Lets get batty

There are 31 species of bats in Texas and they all have beneficial purposes. The best known populations are large colonies found in the Hill Country, but they can be found throughout the state.

I was in the front yard at first light when I caught a glimpse of something fluttering around above me. It took a minute to comprehend what it was.

Bats. Probably Mexican free-tailed bats, but 31 of the 47 species of bats found in the U.S. can be found in Texas and many of them are in East Texas.

I have to admit, my first reaction was fear. We are so programmed by movies and reports of rabid bats that it is hard not to have a phobia.

The truth is bats have a purpose and they are very good at what they do. Best known is that the species consumes massive amounts of insects each night, helping reduce the amount of pesticides required for agricultural and residential use. Lesser known is that some also eat seeds and help regenerate forests. They may even be partially responsible for the margarita you had with supper.

“Bats are a major pollinator of agave. We like to say that without bats we would not have tequila. They even have some bat-friendly brands of tequila,” said Nathan Fuller, Texas Parks and Wildlife Department’s bat specialist.

There are a number of misconceptions about bats including their familial relations. For example many believe bats are more related to rats and mice than they are us.

“If you look at the mammalian tree, rodents and bats are the most distantly related. Bats are at end of the tree that includes that include dogs, primates, humans, deer, and whales,” Fuller said.

Worldwide there are about 1,350 species of bats, making them the second most diverse group of mammals behind rodents. To biologists they are an indicator species.

“If we see a decline that is an indicator of things in our world. They are like the canary in the mine,” Fuller said.

And they are long-lived. Depending on the species they can live for more than 15 years, with the longest living being one of the smallest. The brown bat, only about the size of a thumb, has been known to live upwards of 30 years.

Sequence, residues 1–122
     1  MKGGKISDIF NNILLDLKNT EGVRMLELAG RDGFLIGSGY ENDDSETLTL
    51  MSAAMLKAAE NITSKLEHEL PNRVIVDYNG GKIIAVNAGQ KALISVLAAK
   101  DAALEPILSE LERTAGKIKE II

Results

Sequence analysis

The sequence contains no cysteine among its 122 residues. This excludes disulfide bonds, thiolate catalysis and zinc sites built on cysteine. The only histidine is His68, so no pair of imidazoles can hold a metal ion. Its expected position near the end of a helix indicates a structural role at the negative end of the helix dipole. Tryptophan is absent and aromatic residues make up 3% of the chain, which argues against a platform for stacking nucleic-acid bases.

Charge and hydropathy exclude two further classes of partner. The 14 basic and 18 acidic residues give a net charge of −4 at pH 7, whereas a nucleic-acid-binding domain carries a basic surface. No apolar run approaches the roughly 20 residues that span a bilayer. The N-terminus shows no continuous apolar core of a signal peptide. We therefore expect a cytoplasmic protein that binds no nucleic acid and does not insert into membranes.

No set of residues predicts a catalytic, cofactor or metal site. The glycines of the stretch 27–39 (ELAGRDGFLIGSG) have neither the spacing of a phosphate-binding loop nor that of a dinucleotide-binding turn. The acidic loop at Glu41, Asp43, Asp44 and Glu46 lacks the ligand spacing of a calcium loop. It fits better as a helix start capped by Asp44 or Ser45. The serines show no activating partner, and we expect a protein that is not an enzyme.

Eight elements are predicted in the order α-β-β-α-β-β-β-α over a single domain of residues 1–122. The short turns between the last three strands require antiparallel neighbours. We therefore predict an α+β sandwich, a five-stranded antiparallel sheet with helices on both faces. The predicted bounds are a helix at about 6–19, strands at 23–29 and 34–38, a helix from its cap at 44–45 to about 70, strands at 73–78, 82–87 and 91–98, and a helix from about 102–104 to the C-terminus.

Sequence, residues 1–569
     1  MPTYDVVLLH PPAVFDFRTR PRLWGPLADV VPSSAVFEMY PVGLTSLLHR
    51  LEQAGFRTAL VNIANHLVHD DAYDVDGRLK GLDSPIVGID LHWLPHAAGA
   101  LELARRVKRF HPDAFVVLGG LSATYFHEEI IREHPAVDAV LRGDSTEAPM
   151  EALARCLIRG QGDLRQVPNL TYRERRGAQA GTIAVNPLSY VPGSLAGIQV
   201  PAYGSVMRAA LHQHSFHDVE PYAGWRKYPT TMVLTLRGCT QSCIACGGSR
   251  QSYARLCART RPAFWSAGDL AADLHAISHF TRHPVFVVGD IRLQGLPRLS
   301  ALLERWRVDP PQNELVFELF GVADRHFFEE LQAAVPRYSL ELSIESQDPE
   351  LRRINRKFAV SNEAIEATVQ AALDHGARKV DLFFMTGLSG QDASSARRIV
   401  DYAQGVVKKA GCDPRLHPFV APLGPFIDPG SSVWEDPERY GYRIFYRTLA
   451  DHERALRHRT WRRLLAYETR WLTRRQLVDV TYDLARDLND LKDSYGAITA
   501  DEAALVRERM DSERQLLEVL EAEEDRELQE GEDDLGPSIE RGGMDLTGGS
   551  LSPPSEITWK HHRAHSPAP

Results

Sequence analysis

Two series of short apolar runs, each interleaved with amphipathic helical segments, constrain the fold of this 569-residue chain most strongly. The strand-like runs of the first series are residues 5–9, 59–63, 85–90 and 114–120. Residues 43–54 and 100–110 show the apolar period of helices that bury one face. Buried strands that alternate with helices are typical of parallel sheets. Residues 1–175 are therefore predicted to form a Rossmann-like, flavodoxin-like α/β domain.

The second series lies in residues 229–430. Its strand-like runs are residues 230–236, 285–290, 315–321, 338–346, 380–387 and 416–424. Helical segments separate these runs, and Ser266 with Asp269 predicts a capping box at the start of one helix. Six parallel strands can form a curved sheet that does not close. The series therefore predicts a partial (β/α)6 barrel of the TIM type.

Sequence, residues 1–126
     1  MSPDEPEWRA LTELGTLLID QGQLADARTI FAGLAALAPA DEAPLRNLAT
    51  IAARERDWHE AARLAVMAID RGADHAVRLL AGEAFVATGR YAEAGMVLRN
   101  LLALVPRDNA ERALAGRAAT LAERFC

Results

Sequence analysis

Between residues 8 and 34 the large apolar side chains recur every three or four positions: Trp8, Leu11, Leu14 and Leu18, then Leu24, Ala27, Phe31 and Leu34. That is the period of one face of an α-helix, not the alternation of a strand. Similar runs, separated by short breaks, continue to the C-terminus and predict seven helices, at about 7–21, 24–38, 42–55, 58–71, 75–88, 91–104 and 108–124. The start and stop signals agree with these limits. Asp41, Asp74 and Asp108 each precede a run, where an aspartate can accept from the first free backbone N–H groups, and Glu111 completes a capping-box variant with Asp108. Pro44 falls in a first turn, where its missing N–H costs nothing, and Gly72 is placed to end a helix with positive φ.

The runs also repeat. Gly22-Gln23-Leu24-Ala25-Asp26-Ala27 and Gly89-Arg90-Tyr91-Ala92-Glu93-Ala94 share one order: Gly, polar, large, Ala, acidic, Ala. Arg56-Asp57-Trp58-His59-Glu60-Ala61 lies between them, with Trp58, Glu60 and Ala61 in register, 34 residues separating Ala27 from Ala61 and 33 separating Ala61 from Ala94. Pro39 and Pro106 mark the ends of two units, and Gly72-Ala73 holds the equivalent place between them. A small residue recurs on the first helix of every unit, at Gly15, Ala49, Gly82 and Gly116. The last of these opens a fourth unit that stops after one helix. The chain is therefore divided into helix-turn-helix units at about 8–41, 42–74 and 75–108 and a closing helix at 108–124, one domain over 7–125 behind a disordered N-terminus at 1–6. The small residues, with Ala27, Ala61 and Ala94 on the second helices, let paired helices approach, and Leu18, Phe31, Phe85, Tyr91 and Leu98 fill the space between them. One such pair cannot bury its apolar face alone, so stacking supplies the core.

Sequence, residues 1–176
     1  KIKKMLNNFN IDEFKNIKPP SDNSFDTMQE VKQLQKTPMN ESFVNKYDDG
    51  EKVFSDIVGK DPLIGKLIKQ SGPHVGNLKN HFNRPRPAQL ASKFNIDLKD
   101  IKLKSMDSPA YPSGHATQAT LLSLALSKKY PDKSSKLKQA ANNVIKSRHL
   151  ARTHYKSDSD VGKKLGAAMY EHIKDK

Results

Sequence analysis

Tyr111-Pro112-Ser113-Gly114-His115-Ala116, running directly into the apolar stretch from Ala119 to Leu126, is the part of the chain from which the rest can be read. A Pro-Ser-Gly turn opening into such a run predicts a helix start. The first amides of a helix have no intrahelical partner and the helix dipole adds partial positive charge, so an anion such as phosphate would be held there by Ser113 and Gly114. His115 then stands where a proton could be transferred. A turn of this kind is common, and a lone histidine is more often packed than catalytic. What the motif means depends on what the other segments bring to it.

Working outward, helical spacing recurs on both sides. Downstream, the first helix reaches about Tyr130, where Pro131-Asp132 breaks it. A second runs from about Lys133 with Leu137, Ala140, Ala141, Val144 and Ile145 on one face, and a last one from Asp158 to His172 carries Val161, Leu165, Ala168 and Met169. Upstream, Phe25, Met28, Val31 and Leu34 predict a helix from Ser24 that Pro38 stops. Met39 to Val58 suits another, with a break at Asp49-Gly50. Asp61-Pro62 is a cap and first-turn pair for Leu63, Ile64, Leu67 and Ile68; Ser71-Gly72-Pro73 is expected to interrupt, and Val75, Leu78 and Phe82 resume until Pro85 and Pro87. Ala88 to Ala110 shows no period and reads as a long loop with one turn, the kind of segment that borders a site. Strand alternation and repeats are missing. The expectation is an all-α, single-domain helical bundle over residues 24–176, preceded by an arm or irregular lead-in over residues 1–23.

Along with the beneficial aspects of bats, Fuller notes there is also an intrinsic value to them just as there is for cardinals, blue jays or robins.

“They are fascinating. They have been around for millions of years. They evolved because there was a void in nighttime hunting in the sky,” Fuller said.

No one knows exactly how many bats call Texas home, but they can be found statewide, with the largest populations in the Big Bend region with all of its caves and crags, and the smallest in the Panhandle where there is limited habitat.

They are best known where they can be found in huge colonies. like Bracken Cave in San Antonio that is home to an estimated 15 million bats, the Frio Bat Cave in Concan with 10 million, Old Tunnel State Park near Fredericksburg with 2-3 million and the Congress Avenue bridge in Austin with a million. That does not mean they are not just as numerous in East Texas where they live in tree cavities, barns, chimneys and anywhere else that fits their needs.

“What you are seeing (in the big colonies) is Mexican free-tailed bats. They form big colonies, but they can be found from North Carolina in the east to California in the west. In Central Texas they have no trees to roost so they use caves. In East Texas you have great (bat) species diversity. I can’t give you the number as to how many species, but they are numerous, but just spread out,” Fuller said.

But all is not right in the bat world. A disease, white-nose syndrome, is currently spreading through the North American population and there is concern it could lead to the demise of large numbers of bats if not entire species.

WNS was first discovered in the U.S. in a New York cave population in 2006. It is believed to have been transmitted either accidentally from the clothing of a visitor to the cave or possibly a wayward bat that found its way to the U.S. in a shipping container.

It was hoped the disease could be naturally contained by warm weather, but that has changed with its discovery in Texas.

“We found the pathogen that causes the disease in 2017 and we found the disease this year,” Fuller said.

Right now it is believed the disease only impacts hibernating bats and not migrating species.

“It has lead to a massive dieoff in cave bats in Texas. That is one of nine or 10 species that have been hit,” Fuller said.

Unfortunately there appears to be nothing that can be done to solve the problem. Research is being conducted on cleaning man-made roosts at times when the bats are not hibernating in them, but even if that proves successful it is not something that can be carried over to caves and tunnels because of other resident species that live there. Fuller said at best the man-made structures might provide a refuge from the caves and tunnels for healthy bats along with providing time for researchers.

“One other thing biologists are trying to do is to get the public to support the Recovering America’s Wildlife Act. It would provide huge amounts of funding for a lot of things that are non-game,” Fuller said.

Oh, and if you have a bat phobia, Fuller said with warming world-wide temperatures that vampire bats are moving closer to the U.S. from Mexico. Just don’t believe everything you see in movies.